Geoengineering poses huge environmental threat, say scientists
An abrupt stop to climate engineering would lead to accelerated warming, study shows
An abrupt halt to climate engineering would have “devastating” consequences for the planet, scientists have warned.
Mimicking the effects of a volcanic eruption by spraying sulphur dioxide particles high in the atmosphere has been proposed as a last resort answer to climate change.
But if the operation had to stop suddenly for any reason the global impact could be disastrous, new research suggests.
The US team conducted computer simulations of a scenario in which large-scale geoengineering is used to achieve a moderate level of climate cooling.
It involved aircraft spraying five million tonnes of sulphur dioxide into the upper atmosphere every year from 2020 to 2070.
The strategy was calculated to lower global temperature by about 1C, roughly reversing the amount of warming that had occurred since the start of the Industrial Revolution.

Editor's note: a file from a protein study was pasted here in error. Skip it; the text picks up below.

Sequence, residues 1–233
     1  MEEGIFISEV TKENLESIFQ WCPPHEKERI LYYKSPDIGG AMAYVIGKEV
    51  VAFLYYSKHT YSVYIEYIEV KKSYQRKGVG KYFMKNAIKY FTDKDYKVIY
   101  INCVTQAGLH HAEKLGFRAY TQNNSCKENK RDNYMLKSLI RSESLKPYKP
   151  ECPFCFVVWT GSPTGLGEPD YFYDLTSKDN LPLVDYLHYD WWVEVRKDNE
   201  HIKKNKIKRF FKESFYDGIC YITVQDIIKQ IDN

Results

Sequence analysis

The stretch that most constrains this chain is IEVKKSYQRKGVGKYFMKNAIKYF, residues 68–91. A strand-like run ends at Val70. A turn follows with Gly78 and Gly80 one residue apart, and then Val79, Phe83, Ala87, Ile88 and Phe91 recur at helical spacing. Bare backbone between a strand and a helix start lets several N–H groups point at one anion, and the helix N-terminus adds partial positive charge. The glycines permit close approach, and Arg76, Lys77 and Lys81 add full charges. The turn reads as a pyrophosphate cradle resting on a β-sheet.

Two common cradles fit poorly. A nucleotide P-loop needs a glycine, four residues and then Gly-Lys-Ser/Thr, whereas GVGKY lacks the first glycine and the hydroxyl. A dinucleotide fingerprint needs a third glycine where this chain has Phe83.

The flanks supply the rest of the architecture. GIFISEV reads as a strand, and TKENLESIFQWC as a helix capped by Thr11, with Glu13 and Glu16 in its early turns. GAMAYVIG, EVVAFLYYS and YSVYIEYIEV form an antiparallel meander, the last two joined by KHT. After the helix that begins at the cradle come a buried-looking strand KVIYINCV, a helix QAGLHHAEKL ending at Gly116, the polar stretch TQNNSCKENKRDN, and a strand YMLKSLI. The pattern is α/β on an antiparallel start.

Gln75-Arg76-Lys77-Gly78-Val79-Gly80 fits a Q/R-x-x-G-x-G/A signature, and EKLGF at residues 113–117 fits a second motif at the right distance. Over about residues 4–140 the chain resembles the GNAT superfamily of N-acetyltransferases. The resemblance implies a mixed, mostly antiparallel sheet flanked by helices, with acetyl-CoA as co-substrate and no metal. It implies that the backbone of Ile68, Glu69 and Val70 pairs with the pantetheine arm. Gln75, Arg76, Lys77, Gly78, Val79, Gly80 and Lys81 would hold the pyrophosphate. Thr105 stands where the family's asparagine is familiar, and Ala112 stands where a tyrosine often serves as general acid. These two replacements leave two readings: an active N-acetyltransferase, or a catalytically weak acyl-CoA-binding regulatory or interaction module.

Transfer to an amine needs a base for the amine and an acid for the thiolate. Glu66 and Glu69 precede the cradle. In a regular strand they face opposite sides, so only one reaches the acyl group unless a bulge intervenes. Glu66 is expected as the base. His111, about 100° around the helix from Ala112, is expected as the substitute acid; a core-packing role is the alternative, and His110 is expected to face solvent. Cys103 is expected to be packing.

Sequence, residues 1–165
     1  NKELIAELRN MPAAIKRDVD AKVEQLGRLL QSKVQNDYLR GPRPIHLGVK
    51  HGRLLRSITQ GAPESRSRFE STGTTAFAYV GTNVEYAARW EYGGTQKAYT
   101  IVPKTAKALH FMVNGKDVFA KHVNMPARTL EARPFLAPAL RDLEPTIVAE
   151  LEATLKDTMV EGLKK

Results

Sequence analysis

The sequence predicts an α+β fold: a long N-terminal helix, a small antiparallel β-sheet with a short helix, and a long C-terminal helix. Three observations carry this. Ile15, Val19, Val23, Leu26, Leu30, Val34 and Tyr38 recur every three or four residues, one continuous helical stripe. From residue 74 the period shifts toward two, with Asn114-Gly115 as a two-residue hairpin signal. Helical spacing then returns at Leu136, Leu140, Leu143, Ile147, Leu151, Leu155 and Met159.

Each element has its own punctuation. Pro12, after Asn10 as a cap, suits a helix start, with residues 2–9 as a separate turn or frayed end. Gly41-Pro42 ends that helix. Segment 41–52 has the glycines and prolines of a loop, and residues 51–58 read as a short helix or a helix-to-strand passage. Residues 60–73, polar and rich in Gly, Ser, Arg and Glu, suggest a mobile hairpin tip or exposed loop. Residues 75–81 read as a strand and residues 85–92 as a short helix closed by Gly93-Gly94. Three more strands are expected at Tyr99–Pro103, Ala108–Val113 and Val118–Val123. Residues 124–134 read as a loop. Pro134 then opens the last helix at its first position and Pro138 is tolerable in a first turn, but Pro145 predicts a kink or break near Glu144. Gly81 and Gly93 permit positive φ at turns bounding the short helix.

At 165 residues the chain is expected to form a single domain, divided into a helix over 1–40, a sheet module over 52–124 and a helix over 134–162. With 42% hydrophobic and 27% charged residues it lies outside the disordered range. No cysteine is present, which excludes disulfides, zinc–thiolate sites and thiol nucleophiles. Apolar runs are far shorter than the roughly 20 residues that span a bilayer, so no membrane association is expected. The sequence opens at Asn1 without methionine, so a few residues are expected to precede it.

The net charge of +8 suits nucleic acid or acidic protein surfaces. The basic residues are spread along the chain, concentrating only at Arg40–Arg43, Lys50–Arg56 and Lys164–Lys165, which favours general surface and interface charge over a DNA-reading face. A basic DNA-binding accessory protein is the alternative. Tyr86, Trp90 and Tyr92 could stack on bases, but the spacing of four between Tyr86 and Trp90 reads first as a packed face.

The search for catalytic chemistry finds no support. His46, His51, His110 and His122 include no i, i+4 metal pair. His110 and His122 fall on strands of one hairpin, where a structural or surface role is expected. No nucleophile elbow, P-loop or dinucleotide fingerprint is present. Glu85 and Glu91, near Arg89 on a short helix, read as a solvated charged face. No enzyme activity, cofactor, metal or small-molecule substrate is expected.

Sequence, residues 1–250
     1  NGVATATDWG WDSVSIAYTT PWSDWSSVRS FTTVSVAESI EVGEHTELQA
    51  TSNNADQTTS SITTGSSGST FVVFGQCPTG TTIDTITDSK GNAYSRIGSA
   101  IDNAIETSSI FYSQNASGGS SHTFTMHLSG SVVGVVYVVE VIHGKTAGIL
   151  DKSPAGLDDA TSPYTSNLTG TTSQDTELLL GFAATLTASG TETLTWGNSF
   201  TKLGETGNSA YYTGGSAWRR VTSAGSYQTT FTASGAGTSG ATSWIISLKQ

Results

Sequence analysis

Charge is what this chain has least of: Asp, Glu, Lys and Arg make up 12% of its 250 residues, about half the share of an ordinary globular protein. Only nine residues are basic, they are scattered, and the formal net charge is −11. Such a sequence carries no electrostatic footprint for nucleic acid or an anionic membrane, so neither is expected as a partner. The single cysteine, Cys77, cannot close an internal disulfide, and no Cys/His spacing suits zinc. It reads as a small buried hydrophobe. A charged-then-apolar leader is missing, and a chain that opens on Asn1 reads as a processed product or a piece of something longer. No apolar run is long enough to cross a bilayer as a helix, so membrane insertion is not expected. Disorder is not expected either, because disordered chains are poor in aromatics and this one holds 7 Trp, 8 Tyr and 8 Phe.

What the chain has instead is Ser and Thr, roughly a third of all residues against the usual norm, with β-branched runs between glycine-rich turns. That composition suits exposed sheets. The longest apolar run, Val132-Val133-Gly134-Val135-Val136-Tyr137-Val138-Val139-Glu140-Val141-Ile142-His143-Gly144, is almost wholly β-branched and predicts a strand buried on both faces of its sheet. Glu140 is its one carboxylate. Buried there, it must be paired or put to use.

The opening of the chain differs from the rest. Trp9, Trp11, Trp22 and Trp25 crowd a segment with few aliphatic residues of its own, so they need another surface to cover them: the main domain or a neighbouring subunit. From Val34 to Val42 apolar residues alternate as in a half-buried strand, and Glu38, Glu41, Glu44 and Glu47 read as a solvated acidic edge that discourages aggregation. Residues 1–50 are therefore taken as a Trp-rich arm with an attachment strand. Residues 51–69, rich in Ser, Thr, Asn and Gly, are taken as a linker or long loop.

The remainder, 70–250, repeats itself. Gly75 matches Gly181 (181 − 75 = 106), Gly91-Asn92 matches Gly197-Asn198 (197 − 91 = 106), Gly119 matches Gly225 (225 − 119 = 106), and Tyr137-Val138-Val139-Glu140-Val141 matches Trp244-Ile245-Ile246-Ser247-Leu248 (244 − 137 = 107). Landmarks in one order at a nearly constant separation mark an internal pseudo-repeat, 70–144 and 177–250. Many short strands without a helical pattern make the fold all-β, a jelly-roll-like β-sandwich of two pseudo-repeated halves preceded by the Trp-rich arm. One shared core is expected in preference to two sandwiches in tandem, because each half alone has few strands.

However, a sudden halt to the spraying led to hugely accelerated climate change, with the planet heating up 10 times faster than it would have done had geoengineering not been deployed.
Lead scientist Professor Alan Robock, from Rutgers University, said: “Rapid warming after stopping geoengineering would be a huge threat to the natural environment and biodiversity.
“If geoengineering ever stopped abruptly, it would be devastating, so you would have to be sure that it could be stopped gradually, and it is easy to think of scenarios that would prevent that.
“Imagine large droughts or floods around the world that could be blamed on geoengineering, and demands that it stop. Can we ever risk that?”
Maintaining the sulphur dioxide cloud would mean aircraft having to fly continuously into the upper atmosphere, said Prof Robock. Without continual spraying, it would last only about a year.
Many animals and plants would not be able to survive in a rapidly warming world, said the researchers whose findings are reported in the journal Nature Ecology and Evolution.
“We really need to look in a lot more detail at the impact on specific organisms and how they might adapt if geoengineering stops suddenly,” Prof Robock added.